Matt Greller, Aim Chief Executive Officer
When I first stepped into the world of municipal government, things were a little different than they are today. The core services we expect from our city or town are likely the same but how those services are delivered looks decidedly more modern.
The deployment of automated meters, online bill pay, and trash trucks with robotic arms for picking up our trash cans that resemble mini-dumpsters only scratch the surface of advancements that make providing services more effective and efficient.
Automation, advancements, modernizations — whatever you want to call them — are usually instantly visible. There are many other kinds of changes that take place slowly and require leaps of faith that our leaders are implementing new strategies and programs using available data, trends, research, and of course, community expectations.
Today, more than one million Hoosiers work from home at least one day per week. As Indiana’s economy has slowly evolved to one that must nurture quality communities where employees want to live, governments at all levels have had to think bigger about what makes a quality place.
Parks need thoughtful programming and amenities that attract citizens of all ages and abilities. Sound utilities and a network of roads and sidewalks in good repair. Public safety departments that consistently deliver. Beautification efforts that display you are in a community that takes pride in itself. For the past decade, these placemaking efforts have gained credibility as a direct driver of economic development.
Beyond the basics
But is that enough? Not anymore. Communities are asking themselves what it says to current and potential residents when they look at things like Indiana’s drug and alcohol abuse rates, infant mortality, smoking statistics, suicides, life expectancy, and other wellness markers like mental health.
According to the 2021 US News and World Report “Best States” Rankings, Indiana ranks 40th when it comes to overall public health rankings. Looking at the specifics – Indiana is ranked 38th compared to other states in addressing infant mortality, 41st in early adult mortality, 40th in obesity and 41st in smoking.
These rankings translate to increased health care costs for individuals and businesses.
Traditionally, these have not been considered municipal issues. In this economy, however, where people are choosing where they want to live before they have a job, the “way we’ve always done things” goes out the window.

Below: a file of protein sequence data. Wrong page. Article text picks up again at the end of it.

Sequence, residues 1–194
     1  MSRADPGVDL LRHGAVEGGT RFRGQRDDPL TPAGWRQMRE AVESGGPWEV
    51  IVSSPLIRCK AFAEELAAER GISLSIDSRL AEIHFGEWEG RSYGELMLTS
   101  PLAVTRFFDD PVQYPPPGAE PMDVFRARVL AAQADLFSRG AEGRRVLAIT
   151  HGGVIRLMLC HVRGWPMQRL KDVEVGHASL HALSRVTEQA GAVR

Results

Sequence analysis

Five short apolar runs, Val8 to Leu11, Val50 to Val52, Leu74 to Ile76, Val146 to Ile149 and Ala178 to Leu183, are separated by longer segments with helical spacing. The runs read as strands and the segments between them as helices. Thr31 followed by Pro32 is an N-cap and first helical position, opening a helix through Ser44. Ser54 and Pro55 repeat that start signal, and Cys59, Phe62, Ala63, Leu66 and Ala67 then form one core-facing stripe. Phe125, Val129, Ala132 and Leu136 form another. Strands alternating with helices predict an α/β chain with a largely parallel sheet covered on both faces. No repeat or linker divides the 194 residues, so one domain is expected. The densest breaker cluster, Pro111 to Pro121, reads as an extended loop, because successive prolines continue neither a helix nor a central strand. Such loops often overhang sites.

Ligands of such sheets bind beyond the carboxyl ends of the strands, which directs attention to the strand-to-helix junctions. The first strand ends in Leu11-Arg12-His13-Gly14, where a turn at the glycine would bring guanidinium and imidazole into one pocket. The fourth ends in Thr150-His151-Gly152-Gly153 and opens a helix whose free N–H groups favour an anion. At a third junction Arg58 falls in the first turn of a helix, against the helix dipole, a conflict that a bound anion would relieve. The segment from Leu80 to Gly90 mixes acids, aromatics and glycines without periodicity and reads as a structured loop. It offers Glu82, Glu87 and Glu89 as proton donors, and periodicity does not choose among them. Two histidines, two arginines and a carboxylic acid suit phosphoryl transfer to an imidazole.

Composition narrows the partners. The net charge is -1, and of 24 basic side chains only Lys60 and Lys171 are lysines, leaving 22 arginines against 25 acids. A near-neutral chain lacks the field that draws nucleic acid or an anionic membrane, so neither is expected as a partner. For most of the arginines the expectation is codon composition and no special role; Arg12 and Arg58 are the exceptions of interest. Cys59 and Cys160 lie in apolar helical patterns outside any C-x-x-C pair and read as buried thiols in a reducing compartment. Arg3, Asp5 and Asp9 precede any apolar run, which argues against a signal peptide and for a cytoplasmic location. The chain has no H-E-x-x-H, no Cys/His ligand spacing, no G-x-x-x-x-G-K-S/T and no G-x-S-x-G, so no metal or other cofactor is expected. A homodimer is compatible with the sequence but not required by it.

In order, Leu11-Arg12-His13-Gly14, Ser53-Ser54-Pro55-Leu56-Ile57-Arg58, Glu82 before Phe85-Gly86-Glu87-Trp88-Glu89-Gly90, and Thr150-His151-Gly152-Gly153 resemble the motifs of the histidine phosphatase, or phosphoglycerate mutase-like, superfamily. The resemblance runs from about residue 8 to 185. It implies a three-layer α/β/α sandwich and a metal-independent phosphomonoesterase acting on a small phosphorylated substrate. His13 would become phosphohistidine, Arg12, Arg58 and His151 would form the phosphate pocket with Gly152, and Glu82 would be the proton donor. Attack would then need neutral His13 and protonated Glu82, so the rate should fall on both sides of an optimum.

A great example of Aim and our city and town members stepping outside the norm is our advocacy on Senate Bill 4. This bill is a comprehensive public health measure that is attempting to codify many of the recommendations contained in Gov. Eric Holcomb’s Public Health Commission final report. This one-year process, which included the participation of Mayor Bob Courtney of Madison, was one of the deepest dives ever into Indiana’s local public health system.
The commission found that Indiana’s per-capita spending on public health ranked it 45th in the nation. Aim has been and continues to be a vocal supporter of the bill and a method of funding the bill that is consistent, dependable and directs new funding to local health departments rather than private providers.
Public health legislation
Almost 2.5 million Hoosiers live in provider shortage areas. Local public health departments can and should partner with providers, but to ensure funding reaches the most rural parts of the state, it is important to leverage existing local health departments.
Among the any important components in Senate Bill 4 is the inclusion of municipal representation on local health department boards. This acknowledgement that municipal officials have an acute interest in the health of their communities is a welcome addition to this overdue conversation.
While some have voiced fears about a perceived loss of local control under the legislation, we see no evidence of such. Aim and other supporting associations have received continued assurance from State Health Department Commissioner Dr. Kristina Box and co-chair of the Governor’s Public Health Commission former State Senator Luke Kenley that Senate Bill 4 is not a stalking horse.
Indeed, the delivery of municipal services looks different today. While the methods will evolve, it will always be the case that all services must be delivered with maximum effectiveness and efficiency.
As the legislature enters its final weeks, we look forward to continuing positive discussions on Senate Bill 4 and changes to the corresponding funding included in House Bill 1001. Completing the work of the Governor’s Public Health Commission will send a clear message to both current Hoosiers and prospective Hoosiers looking to give us a shot: We care about the health and well-being of our state, as well as the communities and people who call it home.
SOURCE: Indiana Capital Chronicle